Kenmeri GT-R: Remembering One of the Rarest, Most Sought-After JDM Cars Ever Built

Nissan Skyline 2000GT-R (KPGC110) 12 photos
Photo: Nissan Motor Co., Ltd.
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Unlike its predecessor or its successors, the second-generation Skyline GT-R wasn’t an innovative high-performance beast. However, it’s just as legendary thanks mainly to its limited production figures.
While the GT-R became a stand-alone model in 2002, when the R35 was introduced, the moniker’s story is closely related to one of the Japanese manufacturer’s most long-standing ranges: the Skyline.

The model is still around today, thirteen generations later, but it debuted more than half a century ago and wasn’t initially a Nissan. The year was 1957 and at the Takarazuka Theater, in Hibiya, Tokyo, the Prince Motor Company unveiled a brand-new car that had nothing to do with high performance. Instead, it was a small luxury vehicle that was conceived for the country’s middle class.

It was replaced by an improved model in 1964 and since Prince merged with Nissan two years later, the second generation became known as the Nissan Prince Skyline.

The birth of a legend

Nissan Skyline 2000GT\-R \(PGC10 \)
Photo: Nissan Motor Co., Ltd.
In 1968, the third generation, codenamed C10, hit the streets. Although it was also fully developed by Prince, this iteration would be the first Skyline to be marketed without Prince badges.

This generation earned a place in the automotive history books thanks to the high-performance variant introduced in February 1969. Internally designated PGC10 and sold as the Skyline 2000GT-R, it looked much like the stock sedan, yet it featured a bunch of motorsport-derived goodies such as a revamped suspension system, front disc brakes, a limited-slip differential, and last but not least, a 160-hp, six-cylinder derived from the unit that powered the R380 race cars.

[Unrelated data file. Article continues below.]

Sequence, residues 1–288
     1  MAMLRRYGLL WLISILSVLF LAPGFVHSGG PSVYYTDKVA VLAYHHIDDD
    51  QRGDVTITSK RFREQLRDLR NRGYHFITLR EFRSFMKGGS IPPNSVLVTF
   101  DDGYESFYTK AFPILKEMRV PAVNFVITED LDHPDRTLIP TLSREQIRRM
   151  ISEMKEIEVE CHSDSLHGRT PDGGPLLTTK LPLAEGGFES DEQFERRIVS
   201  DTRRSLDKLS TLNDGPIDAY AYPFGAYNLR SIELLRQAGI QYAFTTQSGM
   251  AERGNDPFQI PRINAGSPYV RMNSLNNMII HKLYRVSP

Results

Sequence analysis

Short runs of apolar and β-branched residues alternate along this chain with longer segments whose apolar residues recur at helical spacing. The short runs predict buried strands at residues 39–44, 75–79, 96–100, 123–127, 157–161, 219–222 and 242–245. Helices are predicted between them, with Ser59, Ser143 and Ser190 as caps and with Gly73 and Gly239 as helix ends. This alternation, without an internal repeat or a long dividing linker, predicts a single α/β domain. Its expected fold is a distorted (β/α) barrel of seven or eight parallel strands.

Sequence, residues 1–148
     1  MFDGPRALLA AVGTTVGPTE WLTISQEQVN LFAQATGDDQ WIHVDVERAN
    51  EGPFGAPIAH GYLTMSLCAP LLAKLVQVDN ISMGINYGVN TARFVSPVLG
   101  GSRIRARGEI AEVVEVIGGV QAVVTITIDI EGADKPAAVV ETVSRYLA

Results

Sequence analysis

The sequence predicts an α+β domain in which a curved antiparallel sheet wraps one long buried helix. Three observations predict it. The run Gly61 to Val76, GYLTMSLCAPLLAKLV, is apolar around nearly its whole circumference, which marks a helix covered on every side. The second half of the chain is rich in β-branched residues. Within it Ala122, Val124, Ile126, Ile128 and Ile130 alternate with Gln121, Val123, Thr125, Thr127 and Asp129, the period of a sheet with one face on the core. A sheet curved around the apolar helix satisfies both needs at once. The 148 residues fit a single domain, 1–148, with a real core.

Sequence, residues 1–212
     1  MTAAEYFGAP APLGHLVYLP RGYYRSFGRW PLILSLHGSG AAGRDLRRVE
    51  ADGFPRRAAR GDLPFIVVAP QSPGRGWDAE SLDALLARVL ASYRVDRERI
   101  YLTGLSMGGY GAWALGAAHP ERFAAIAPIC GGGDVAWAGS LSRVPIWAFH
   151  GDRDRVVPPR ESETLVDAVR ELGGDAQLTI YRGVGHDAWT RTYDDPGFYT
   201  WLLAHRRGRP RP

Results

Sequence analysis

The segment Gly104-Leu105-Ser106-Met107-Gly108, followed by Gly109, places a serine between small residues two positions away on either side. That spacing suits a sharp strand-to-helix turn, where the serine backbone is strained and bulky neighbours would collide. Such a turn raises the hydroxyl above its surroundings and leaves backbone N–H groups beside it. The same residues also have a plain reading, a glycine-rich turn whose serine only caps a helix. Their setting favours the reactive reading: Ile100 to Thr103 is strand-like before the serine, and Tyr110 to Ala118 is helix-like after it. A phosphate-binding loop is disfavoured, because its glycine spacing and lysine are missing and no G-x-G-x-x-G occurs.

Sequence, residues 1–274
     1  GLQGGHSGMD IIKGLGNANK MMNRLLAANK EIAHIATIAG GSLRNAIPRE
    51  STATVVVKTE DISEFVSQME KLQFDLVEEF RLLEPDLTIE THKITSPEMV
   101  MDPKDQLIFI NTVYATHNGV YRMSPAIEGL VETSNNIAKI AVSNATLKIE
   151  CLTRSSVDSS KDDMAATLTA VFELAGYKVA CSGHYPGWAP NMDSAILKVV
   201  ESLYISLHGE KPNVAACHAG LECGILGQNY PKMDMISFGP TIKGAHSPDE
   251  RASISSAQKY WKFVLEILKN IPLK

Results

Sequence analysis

With a compact chassis, an overall weight of 2,425.1 lb (1,100 kg), and the aforementioned race-bred engine sending an adequate amount of power to the rear wheels through a five-speed manual, it was praised for its raw nature and thrilling driving experience.

Followed by a two-door coupe version (KPGC10) released in 1971, the first Skyline GT-R was extremely popular in Japan, where it earned the nickname Hakosuka – a combination of the Japanese word for box (hako) and the local abbreviation for Skyline (Suka). It was manufactured until 1972, in 1,945 examples, becoming a legend both on the road and the track, where it racked up 49 consecutive victories in four years of racing.

The Kenmeri GT-R

Nissan Skyline 2000GT\-R \(KPGC110\)
Photo: Nissan Motor Co., Ltd.
Encouraged by the success of the first high-performance model, Nissan executives greenlight the development of a successor on the backbone of the new, fourth-generation Skyline (C110). Thus, at the 1972 Tokyo Motor show, the company unveiled the second iteration of the Skyline GT-R, codenamed KPGC110.

Also designed by the legendary Shinichiro Sakurai, the engineer who was involved in conceiving every single Skyline model since the first one appeared back in the 1950s, the new GT-R received a reworked body. Much like the most successful muscle cars in the U.S., it was a two-door, fastback coupe-style structure that made the car look a lot sportier than its predecessor.